The world’s thirst for oil will long have abated before deposits run out, strategy development director of oil and gas company MOL, László Varró told weekly Figyelő in an interview.
The legend is over a hundred years old, Varró said. He pointed out that the available stock of oil in every case corresponds with the quantities that make businesses sense to explore and extract. Accordingly available supplies continue to vary, mainly determined by the oil prices at the given time.
Steeply rising oil prices over the past years have also contributed to the advancement of technology, but even the most state-of-the-art equipment of today is only capable of extracting just one third of the total oil that is underground. But if the coming years bring further improvements in technologies and the extractable amount is raised by just a few percentage points, then extractable oil quantities can be raised without the need for further exploration. Varró supported his line of thought citing the fact that oil reserves have continued to grow ever since 1980.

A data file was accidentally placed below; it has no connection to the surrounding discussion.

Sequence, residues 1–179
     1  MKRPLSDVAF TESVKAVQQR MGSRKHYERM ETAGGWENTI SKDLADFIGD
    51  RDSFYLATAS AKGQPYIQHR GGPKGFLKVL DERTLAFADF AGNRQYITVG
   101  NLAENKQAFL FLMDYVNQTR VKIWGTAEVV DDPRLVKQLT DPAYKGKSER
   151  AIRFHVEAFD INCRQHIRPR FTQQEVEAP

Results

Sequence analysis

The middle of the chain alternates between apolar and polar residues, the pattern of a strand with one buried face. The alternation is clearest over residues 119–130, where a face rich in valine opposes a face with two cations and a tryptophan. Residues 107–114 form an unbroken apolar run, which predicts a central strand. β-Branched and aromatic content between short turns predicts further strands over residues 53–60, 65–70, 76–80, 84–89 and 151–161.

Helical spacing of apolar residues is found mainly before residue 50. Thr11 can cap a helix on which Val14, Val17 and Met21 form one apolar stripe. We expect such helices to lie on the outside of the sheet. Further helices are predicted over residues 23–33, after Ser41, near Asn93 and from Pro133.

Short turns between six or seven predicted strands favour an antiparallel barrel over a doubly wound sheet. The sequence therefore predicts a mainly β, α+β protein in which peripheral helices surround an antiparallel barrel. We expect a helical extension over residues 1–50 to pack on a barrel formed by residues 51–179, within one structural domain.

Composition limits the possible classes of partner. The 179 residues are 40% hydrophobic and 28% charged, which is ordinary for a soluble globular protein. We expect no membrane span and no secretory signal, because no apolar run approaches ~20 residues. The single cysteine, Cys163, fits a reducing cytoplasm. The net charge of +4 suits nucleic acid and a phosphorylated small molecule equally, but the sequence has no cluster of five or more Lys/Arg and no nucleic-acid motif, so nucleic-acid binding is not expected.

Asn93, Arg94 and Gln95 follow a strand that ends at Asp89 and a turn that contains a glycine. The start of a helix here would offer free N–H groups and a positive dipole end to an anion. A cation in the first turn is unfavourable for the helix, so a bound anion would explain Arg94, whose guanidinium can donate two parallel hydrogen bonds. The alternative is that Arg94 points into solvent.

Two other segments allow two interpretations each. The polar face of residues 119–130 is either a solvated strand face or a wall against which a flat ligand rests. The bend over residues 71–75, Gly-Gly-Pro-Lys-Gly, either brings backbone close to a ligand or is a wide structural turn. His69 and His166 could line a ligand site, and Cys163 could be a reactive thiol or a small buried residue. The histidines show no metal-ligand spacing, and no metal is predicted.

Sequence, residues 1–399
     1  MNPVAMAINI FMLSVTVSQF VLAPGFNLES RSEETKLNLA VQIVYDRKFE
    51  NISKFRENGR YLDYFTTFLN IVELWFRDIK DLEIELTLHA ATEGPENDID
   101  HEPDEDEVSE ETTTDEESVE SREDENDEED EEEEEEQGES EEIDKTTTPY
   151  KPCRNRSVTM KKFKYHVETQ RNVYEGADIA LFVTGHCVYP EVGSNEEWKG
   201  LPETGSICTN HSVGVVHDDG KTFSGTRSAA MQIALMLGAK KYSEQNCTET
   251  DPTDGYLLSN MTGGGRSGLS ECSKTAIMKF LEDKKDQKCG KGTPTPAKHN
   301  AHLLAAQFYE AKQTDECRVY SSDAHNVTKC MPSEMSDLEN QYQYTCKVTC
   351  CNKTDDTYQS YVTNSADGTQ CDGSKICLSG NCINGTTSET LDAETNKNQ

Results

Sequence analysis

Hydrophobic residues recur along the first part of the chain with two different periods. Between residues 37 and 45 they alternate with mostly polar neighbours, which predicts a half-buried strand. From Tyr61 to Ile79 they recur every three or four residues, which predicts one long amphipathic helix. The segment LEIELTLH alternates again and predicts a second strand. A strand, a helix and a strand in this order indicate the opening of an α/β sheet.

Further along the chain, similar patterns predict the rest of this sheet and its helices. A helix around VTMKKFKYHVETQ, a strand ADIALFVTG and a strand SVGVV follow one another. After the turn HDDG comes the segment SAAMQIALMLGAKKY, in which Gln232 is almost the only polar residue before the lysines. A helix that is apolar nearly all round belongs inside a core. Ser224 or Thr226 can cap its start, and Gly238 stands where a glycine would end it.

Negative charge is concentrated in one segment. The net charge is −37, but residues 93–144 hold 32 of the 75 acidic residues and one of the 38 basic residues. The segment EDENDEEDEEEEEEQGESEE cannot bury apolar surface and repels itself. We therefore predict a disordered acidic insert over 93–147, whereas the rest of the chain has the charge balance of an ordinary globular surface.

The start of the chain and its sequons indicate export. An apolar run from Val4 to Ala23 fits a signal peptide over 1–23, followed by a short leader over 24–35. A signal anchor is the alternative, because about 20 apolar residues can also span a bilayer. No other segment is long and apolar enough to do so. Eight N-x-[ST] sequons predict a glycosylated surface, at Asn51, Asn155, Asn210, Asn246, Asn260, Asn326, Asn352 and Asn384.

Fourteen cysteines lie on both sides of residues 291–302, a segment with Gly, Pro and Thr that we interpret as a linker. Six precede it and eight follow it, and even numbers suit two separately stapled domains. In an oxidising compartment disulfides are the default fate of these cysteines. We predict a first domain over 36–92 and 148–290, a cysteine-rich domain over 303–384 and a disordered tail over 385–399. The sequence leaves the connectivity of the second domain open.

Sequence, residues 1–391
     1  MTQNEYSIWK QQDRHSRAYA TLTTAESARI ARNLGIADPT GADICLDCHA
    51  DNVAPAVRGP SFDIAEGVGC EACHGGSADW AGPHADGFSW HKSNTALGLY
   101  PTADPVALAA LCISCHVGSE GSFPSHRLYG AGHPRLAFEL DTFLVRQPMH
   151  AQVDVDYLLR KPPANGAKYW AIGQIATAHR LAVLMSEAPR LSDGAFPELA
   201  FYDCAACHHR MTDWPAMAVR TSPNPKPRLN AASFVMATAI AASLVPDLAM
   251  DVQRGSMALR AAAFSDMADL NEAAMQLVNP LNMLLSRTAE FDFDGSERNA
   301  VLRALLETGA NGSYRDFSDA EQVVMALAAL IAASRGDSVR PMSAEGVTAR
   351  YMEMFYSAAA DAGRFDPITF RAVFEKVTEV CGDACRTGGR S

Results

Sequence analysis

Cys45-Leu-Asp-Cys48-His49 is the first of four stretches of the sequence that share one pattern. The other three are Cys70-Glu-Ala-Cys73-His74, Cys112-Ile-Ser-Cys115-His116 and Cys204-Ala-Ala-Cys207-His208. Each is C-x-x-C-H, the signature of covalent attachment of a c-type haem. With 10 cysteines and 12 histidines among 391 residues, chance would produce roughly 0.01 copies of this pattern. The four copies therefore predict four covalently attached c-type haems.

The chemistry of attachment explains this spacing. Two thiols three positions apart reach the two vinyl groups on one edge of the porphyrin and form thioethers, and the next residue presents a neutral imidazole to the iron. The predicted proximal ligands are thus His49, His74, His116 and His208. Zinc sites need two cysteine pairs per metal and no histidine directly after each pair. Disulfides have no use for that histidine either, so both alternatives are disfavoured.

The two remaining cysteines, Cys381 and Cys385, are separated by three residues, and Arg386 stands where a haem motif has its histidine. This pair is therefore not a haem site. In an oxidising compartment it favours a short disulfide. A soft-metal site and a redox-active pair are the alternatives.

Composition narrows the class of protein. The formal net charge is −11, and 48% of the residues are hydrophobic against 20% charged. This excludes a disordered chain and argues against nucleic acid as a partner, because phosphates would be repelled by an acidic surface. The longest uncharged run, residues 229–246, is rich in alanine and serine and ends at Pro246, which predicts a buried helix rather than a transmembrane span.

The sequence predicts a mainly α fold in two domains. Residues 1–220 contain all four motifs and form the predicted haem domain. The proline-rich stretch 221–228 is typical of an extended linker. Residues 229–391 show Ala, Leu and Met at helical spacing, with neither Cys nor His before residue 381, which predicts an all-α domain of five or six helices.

At the same time, he expects a peak and then a lapse in oil consumption, but not because supplies are running out. Instead, the advancement of technologies, cars consuming less fuel and stricter environmental regulations will be the drivers of the trend. In summation: a lapse in demand.
“The stone age didn’t end because people ran out of stones,” he said.